Pat took TV roles in On the Buses (1971, and appeared in two spinoff films), Both Ends Meet (1972, with Dora Bryan), Yus My Dear (1976, with Arthur Mullard), Rooms (1977), The Benny Hill Show (1972-80), The Gaffer (1981-83, with Bill Maynard) and Tripper's Day (1984, with Leonard Rossiter).
Date of Birth: 18 September 1961, Westwood, New Jersey, US
Birth Name: James Joseph Gandolfini Jr
Nicknames: James Gandlfini
James Gandolfini was one of those rare actors who was able to portray a violent, bullying, murderous, vulgar, serial adulterer, while simultaneously eliciting sympathy and understanding from television audiences. In 86 episodes from 1999 to 2007, in HBO's hit series The Sopranos, the balding, beefy, middle-aged Gandolfini, as Tony Soprano, a New Jersey mafia boss, managed to transcend any stereotyping of Italian-Americans (although the charge was still made) by showing the flawed character's vulnerable side.While Tony Soprano does embody the close-knit Italian-American community, with its codes of masculinity, Gandolfini, who had studied the Sanford Meisner method of acting for two years, lived up to Meisner's exhortation to "find in yourself those human things which are universal". Gandolfini always claimed to be nothing like Tony Soprano: "I'm really basically just like a 260-pound Woody Allen."Gandolfini explained that he sometimes went to extremes to express Tony's anger by hitting himself on the head or staying up all night to evoke the desired reaction. "If you are tired, every single thing that somebody does makes you mad. Or I just walked around with a stone in my shoe. It's silly, but it works."Yet it was the scenes of the therapy sessions with his psychiatrist Jennifer Melfi (Lorraine Bracco) that really humanised the character. "If you took the Melfi scenes away, you wouldn't care about this man as much, or care about anything that was happening to him," Gandolfini explained.
Like his television alter ego, Gandolfini was born, raised and educated in New Jersey. His mother was a school dinner lady, and his father a bricklayer and stonemason. Both his parents were devout Roman Catholics of Italian ancestry and spoke Italian at home. After graduating from Park Ridge high school, Gandolfini gained a BA in communication studies at Rutgers University.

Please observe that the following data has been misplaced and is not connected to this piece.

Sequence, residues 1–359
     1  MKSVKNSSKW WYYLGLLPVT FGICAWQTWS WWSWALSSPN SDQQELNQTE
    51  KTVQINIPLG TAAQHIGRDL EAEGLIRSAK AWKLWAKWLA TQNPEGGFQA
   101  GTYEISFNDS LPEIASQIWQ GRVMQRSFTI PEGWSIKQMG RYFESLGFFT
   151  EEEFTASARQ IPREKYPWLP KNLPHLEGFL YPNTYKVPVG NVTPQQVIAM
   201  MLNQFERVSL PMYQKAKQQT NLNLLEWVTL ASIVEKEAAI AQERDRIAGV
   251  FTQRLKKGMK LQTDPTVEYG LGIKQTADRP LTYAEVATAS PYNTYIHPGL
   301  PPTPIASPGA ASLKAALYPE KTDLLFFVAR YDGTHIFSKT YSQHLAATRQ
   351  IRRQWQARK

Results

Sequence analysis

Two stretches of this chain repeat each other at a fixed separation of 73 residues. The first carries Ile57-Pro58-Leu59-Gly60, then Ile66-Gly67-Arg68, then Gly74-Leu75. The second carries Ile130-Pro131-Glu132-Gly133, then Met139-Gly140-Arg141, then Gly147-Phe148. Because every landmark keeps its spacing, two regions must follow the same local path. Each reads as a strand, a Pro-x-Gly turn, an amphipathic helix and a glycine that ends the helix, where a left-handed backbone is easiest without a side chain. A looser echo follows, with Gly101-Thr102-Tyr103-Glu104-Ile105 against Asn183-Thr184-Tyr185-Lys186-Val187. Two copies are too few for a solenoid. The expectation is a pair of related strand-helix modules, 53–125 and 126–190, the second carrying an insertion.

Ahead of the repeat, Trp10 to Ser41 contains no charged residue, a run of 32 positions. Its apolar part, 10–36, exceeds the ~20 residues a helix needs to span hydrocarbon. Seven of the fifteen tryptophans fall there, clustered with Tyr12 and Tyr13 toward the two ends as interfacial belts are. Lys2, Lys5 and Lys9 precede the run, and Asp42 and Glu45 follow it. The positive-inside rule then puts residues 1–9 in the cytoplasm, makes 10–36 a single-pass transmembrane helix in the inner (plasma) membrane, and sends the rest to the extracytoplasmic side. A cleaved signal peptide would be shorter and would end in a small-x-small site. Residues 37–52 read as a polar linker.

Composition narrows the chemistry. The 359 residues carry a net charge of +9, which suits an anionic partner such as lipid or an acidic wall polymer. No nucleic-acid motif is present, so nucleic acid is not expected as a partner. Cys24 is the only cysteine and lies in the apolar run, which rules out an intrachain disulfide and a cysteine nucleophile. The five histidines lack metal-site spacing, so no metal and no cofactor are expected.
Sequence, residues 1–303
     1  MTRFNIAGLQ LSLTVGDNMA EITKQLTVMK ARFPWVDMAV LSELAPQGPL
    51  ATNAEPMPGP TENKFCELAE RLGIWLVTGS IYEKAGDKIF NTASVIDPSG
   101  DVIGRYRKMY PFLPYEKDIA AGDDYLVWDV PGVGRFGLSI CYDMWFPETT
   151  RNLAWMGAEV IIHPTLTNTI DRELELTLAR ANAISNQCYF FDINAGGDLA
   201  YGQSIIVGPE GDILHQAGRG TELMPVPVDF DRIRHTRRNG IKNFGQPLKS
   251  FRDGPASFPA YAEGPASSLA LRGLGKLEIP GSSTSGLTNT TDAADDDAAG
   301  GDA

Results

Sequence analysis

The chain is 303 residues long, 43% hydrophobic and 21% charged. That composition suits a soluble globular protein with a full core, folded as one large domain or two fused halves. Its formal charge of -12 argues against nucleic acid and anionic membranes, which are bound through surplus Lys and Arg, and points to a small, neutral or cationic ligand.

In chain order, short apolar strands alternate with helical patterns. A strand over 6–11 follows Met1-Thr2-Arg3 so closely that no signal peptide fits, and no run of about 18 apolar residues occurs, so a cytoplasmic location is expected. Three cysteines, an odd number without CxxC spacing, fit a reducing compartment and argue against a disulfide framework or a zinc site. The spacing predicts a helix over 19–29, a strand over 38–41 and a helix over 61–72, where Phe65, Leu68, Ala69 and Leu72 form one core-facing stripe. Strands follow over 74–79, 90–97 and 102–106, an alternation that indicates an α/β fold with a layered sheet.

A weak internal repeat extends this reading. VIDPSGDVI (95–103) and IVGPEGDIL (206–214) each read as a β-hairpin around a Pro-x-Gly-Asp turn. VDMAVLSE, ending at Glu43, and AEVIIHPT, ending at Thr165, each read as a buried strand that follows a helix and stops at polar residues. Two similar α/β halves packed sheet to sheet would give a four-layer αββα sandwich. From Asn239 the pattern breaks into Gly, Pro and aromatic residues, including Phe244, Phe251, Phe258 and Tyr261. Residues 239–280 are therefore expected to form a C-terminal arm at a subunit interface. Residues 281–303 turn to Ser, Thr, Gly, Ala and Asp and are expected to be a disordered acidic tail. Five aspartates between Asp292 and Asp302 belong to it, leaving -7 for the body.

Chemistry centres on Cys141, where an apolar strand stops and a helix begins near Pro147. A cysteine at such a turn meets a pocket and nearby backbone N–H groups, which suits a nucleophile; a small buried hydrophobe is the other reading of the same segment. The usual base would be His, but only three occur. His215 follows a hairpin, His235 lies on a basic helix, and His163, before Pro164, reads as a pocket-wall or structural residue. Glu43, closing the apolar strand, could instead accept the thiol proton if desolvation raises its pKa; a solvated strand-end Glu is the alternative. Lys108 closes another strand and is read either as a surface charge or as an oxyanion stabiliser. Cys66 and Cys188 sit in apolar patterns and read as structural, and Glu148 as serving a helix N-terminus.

After the role of one of the poker playing buddies of Stanley Kowalski (Alec Baldwin) in a revival of A Streetcar Named Desire on Broadway in 1992 in which he had the last line of the play, "The game is seven card stud" Gandolfini started to get roles in movies, first making an impression in Tony Scott's True Romance (1993), which understandably got him an audition for the leading part in The Sopranos. In a memorable stomach churning scene, as a ruthless hitman he beats up Patricia Arquette, only to have her whack him on the head and set him on fire.Gandolfini was then cast against type as shy guys in Mr Wonderful (1993) and Angie (1994), but returned to bad ways as an ex KGB man in Terminal Velocity (1994), as a southern-accented stunt man turned bodyguard in Get Shorty (1995), as a corrupt cop who kills himself in Sidney Lumet's Night Falls on Manhattan (1996) and a mafia man in The Juror (1996). Of the last, Roger Ebert wrote: "Gandolfini has a very tricky role, who is about as sympathetic as a man can be who would, after all, kill you. His line readings during a couple of complicated scenes are right on the money. If the movie had been pitched at the level of sophistication and complexity that his character represents, it would have been a lot better."Gandolfini portrayed all his roles admirably, but there was no inkling that he would ever be anything more than a serviceable heavy in mainly commercial thrillers for the rest of his career. It was television and Tony Soprano that gained him Emmy awards, three years running, and superstar status, which he never equalled but which sustained his active post-Sopranos life. This included In the Loop (2009), The Taking of Pelham 123 (2009) and Welcome to The Rileys (2010), in all of which he attempted successfully to soften his persona.In 2007, Gandolfini produced a documentary, Alive Day Memories: Home from Iraq, in which he interviewed 10 injured Iraq war veterans. This was followed by Wartorn (2010), about post-traumatic stress disorder and its impact on soldiers and families through several wars in American history.